U.S. stocks closed modestly lower Friday, ending just short of another milestone for Wall Street.
The Nasdaq composite index narrowly missed its fourth record-high close this week, though all the major indexes still notched weekly gains.
Phone companies, banks and materials stocks were among the big decliners. Technology stocks gained the most, while health care and energy also bucked the broader market slide. Crude oil prices rose.
Investors continued to focus on company earnings reports as they mine for insight into the health of Corporate America. So far, earnings have been mostly exceeding Wall Street’s expectations. But an unimpressive report on economic growth in the first quarter may have given some traders pause Friday.
“The market is worried that the second quarter perhaps will see continued weakness, and that’s part of the tug-of-war we’re seeing in the market,” said Quincy Krosby, market strategist at Prudential Financial. “Are we going to see the economy snapping out of this weak patch?”
The Standard & Poor’s 500 index slipped 4.57 points, or 0.2 percent, to 2,384.20. The Dow Jones industrial average fell 40.82 points, or 0.2 percent, to 20,940.51. The Nasdaq composite lost 1.33 points, or 0.02 percent, to 6,047.61.
Small-company stocks fell more than the rest of the market. The Russell 2000 index gave back 16.70 points, or 1.2 percent, to 1,400.43. Three stocks fell for every two that rose on the New York Stock Exchange.
Bond prices edged higher. The 10-year Treasury yield slipped to 2.28 percent from 2.30 percent late Thursday.
The market started the week off on a strong note, in part reflecting relief following the first round of France’s presidential election. Results suggest France may not try to break apart from the European Union.
Washington also helped move the market. On Wednesday, White House officials unveiled the broad outlines of a tax plan, stoking expectations of lower taxes, plus less regulation for businesses, policy proposals that have helped drive stocks higher since November.
On Friday, the major stock indexes were flat or down much of the day. Early on, investors weighed the government’s initial estimate of economic growth in the first three months of the year.
The Labor Department said that the U.S. economy turned in its weakest performance in three years in the January-March quarter, reflecting a slowdown in consumer spending. Growth, as measured by gross domestic product, amounted to 0.7 percent in the first quarter. That was less than what economists were expecting and followed a gain of 2.1 percent in the final quarter of 2016.
Traders also continued to size up company earnings. A little more than half of the companies in the S&P 500 index have reported results for the January-March quarter. Some 55 percent of those turned in earnings and revenue that exceeded Wall Street’s expectations, according to S&P Global Market Intelligence.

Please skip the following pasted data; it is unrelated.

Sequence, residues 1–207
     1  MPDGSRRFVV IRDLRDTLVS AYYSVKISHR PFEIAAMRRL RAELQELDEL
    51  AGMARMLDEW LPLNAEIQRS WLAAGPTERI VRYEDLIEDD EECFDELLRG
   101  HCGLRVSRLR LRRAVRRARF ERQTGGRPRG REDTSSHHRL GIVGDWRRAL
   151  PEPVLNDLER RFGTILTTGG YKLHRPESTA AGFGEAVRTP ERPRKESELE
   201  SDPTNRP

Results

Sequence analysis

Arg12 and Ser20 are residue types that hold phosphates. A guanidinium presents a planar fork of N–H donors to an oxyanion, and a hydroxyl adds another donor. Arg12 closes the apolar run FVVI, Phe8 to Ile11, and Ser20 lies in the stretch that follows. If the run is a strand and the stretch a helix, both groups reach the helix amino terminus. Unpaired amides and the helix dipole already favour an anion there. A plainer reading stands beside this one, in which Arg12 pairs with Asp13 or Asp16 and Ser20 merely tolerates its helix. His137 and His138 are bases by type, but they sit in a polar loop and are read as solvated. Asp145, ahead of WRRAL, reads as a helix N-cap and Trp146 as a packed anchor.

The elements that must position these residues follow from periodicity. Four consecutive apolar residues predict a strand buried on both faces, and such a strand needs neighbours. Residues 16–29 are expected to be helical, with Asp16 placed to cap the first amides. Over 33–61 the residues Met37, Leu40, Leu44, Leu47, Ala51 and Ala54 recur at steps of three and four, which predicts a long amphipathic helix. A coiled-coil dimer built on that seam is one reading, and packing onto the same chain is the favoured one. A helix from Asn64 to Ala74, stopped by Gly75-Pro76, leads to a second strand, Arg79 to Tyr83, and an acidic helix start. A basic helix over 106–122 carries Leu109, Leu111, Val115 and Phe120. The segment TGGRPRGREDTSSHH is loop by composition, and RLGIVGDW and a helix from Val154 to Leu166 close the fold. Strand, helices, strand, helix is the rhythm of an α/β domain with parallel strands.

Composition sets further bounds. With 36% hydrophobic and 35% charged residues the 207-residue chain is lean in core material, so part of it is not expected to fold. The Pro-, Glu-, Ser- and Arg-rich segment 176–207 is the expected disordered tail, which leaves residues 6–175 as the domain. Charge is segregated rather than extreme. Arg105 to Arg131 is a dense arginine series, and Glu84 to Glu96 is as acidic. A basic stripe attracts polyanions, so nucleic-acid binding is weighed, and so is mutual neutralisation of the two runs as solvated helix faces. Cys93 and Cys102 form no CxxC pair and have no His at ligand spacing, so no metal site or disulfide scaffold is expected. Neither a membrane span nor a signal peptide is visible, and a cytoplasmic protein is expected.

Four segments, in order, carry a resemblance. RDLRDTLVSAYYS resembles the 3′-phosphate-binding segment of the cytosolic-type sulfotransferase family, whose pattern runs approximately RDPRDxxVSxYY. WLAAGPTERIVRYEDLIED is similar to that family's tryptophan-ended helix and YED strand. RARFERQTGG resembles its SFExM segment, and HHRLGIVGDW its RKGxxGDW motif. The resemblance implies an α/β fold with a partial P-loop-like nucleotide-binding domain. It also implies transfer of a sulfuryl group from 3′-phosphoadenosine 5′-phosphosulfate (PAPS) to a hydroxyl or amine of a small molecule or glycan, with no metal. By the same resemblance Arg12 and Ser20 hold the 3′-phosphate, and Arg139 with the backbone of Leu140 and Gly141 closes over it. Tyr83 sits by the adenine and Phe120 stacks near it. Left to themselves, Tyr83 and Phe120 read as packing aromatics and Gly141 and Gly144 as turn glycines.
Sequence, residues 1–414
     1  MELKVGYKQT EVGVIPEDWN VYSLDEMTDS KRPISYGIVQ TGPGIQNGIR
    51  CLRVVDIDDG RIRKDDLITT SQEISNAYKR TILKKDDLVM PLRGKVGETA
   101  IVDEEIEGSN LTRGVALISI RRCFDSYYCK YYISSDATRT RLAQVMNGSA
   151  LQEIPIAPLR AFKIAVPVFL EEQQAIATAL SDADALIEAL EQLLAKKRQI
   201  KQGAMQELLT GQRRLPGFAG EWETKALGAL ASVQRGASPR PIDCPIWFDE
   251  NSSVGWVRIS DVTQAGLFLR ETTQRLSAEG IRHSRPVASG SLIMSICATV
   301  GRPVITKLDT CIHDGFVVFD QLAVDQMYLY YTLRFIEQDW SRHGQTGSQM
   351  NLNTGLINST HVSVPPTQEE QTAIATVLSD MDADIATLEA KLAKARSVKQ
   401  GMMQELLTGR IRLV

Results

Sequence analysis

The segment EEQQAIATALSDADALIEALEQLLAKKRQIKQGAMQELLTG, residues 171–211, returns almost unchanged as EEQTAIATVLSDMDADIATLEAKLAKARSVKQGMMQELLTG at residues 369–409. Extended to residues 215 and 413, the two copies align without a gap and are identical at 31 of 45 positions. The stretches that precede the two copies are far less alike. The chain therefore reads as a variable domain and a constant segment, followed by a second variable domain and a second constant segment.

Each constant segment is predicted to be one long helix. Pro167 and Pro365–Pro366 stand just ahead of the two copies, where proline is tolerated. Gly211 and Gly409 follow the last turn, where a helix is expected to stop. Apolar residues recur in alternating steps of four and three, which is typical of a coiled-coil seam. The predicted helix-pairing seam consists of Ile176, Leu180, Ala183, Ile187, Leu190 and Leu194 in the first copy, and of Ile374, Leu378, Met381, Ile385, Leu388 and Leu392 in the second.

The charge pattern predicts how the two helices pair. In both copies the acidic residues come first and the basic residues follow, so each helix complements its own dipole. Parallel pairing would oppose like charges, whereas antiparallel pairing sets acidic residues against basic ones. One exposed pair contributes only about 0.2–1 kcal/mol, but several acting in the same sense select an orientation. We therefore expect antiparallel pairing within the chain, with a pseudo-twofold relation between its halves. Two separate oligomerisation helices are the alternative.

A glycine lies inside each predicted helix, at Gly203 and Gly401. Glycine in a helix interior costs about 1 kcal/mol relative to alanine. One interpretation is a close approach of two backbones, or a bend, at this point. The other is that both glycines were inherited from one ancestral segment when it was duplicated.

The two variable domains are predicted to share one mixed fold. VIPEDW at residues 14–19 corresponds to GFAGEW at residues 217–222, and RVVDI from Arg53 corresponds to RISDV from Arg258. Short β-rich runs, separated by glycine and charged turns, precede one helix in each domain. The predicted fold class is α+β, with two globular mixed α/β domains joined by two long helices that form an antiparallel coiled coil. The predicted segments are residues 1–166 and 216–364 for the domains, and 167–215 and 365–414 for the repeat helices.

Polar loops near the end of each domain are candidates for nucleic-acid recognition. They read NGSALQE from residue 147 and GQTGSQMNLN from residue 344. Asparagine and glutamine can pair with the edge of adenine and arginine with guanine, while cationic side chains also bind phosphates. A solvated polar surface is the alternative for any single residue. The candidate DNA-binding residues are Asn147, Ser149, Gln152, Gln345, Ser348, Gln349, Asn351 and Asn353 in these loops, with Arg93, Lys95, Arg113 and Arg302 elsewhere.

“Earnings have been topping expectations for the most part, but overall, the market is still nervous about growth and whether or not we’re going to see a pickup in economic releases,” Krosby said. “The market remains nervous about geopolitical risk and remains nervous about tax reform.”
Investors bid up shares in companies that delivered better-than-expected results.
Google’s parent company, Alphabet, gained 3.7 percent after the internet giant reported better-than-expected quarterly results thanks partly to a big jump in advertising revenue. The stock added $33.08 to $924.52.
Amazon.com rose 0.7 percent after the online retailer posted solid first-quarter results. The stock picked up $6.61 to $924.99.
Royal Caribbean Cruises gained 6.1 percent after the cruise line operator posted solid earnings and bookings. The stock added $6.10 to $106.60. Rival Carnival also rose, picking up 79 cents, or 1.3 percent, to $61.77.
Several companies slumped after they reported disappointing results.
Synchrony Financial tumbled 15.9 percent. The stock was the biggest decliner in the S&P 500, sliding $5.25 to $27.80.
Medical software and services company Athenahealth sank 19.3 percent as sales and margins weakened. The stock fell $23.44 to $98.01.
Starbucks lost 2 percent after the coffee chain’s sales growth at established locations was weaker than expected. The company also posted fiscal second-quarter earnings that matched Wall Street’s expectations. The stock shed $1.24 to $60.06.
Time Inc.’s decision not to sell itself sent the stock plummeting 16.9 percent. The magazine publisher’s shares fell $3.10 to $15.20.
Major stock indexes overseas mostly closed lower.
In Europe, Germany’s DAX was flat, while France’s CAC 40 slipped 0.1 percent. London’s FTSE 100 index lost 0.5 percent. In Asia, indexes mostly fell. Tokyo’s Nikkei 225 lost 0.3 percent, while Hong Kong’s Hang Seng declined 0.3 percent. Seoul’s Kospi shed 0.2 percent.
Eurozone inflation data pushed the euro up sharply as it raised speculation that the central bank may not keep its stimulus program in place as long as expected. It was up to $1.0895 from $1.0882 on Thursday. The dollar strengthened to 111.44 yen from 111.23 yen.
Benchmark U.S. crude rose 36 cents, or 0.7 percent, to settle at $49.33 per barrel in New York. Brent crude, used to price international oils, climbed 29 cents, or 0.6 percent, to $51.73 a barrel in London. Home heating oil fell less than a penny to $1.50 a gallon, wholesale gasoline was little changed at $1.55 a gallon and natural gas rose 4 cents to $3.28 per 1,000 cubic feet.
In metals trading, gold rose $2.40 to settle at $1,268.30 an ounce, while silver slipped 7 cents to $17.19 per ounce. Copper gained 2 cents to $2.60 per pound.